From muscle power to steam to diesel
For 200 years, a wide variety of cutting methods have existed side by side.
A piece of peat was cut by hand (Fig. 2) and placed on a board. This was repeated until the board was completely covered. It was then lifted out of the hollow and the peat was laid out to dry. The hard word left its mark on the peat cutters (Fig. 3).
The oldest industrial peat cutting in Lower Saxony was founded in 1872 in the Great Moor near Gifhorn. The North German Peat Bog Company (Norddeutsche Torfmoorgesellschaft) Triangel was founded in 1873. In 1876 Triangel hosted an exhibition of peat machines where peat cutting methods were tested.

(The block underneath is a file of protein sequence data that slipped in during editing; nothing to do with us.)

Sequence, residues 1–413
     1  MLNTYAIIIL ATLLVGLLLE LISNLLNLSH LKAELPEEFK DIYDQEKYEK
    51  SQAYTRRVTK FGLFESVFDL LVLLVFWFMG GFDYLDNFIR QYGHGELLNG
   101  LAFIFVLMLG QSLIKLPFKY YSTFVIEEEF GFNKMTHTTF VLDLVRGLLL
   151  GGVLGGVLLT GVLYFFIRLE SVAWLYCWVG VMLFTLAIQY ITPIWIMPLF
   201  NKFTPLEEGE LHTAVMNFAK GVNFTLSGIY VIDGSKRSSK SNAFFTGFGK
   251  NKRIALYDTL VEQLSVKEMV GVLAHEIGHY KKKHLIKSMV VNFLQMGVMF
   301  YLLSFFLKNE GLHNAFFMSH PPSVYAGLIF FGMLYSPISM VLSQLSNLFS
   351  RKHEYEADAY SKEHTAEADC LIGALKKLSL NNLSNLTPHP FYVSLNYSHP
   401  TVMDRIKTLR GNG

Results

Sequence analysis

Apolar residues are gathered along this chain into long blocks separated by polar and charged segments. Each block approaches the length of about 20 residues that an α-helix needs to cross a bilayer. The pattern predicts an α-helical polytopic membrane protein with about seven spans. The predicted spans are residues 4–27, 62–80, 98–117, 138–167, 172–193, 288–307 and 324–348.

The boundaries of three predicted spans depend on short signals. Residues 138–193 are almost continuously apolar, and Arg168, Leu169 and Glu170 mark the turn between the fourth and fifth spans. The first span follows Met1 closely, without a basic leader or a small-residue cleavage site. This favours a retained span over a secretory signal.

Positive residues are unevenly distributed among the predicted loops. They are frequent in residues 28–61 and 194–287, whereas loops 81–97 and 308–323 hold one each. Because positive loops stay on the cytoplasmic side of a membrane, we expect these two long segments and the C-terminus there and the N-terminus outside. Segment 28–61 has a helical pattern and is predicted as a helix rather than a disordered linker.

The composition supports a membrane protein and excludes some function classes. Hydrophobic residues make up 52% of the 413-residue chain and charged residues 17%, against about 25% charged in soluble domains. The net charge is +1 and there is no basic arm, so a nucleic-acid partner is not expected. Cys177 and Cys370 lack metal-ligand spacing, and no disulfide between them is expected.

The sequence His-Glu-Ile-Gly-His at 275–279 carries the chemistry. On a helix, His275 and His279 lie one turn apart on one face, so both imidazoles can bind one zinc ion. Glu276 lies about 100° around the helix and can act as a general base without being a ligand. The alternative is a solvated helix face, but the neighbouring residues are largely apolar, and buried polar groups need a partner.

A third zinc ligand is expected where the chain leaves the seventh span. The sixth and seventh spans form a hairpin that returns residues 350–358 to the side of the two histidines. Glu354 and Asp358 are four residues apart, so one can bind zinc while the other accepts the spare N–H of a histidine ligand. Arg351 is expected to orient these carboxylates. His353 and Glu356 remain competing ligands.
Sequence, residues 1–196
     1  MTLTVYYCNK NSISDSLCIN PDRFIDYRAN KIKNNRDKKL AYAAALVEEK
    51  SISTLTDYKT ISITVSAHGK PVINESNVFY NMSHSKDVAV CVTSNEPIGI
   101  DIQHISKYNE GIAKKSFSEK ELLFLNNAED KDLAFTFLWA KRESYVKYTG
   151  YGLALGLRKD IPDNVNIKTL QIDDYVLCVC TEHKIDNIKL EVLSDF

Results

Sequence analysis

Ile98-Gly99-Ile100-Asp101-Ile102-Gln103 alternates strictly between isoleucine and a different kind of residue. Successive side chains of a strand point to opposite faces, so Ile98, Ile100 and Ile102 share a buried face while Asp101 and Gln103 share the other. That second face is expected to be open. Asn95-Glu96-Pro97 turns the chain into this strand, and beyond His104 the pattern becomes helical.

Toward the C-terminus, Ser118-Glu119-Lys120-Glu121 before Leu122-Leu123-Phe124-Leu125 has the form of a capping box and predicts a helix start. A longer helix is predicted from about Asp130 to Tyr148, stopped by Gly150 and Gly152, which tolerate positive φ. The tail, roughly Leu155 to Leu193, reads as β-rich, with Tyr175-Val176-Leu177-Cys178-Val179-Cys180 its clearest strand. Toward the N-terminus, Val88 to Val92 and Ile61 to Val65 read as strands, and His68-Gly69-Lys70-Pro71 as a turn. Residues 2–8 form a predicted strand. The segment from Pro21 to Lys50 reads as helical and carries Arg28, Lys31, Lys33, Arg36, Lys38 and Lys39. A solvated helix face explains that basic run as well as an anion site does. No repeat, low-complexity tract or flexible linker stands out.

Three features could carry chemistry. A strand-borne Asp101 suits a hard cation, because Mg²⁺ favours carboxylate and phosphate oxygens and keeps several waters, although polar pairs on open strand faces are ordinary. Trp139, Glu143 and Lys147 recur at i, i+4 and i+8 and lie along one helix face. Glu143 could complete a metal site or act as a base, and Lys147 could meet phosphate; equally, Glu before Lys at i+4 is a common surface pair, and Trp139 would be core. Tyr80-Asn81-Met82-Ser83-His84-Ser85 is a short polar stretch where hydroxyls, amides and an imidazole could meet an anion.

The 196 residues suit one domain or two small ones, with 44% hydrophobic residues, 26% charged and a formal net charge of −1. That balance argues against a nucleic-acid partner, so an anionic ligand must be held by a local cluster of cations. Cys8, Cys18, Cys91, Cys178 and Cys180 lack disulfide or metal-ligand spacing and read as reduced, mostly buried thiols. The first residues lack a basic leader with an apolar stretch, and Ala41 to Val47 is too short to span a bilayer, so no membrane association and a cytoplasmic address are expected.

Machines powered by steam and diesel made work easier. Conveyor belts, peat presses and storage belts were employed.
The peat still had to be cut by hand, but the conveyor belt made transport easier. Moreover, the peat could be mechanically pressed and laid out. The heavy steam engine (Fog. 4) ran on two tracks, allowing work with the machine to be continued by relaying the tracks.
Figure 5 shows the complete team. There were also conveyor belts that had bridges fitted for holding individual sods of peat (Fig. 6).
Since about 1980, caterpillar vehicles (Fig. 7) and excavators have been used for cutting peat. The peat is harrowed and pushed together in heaps (Fig. 8) for drying.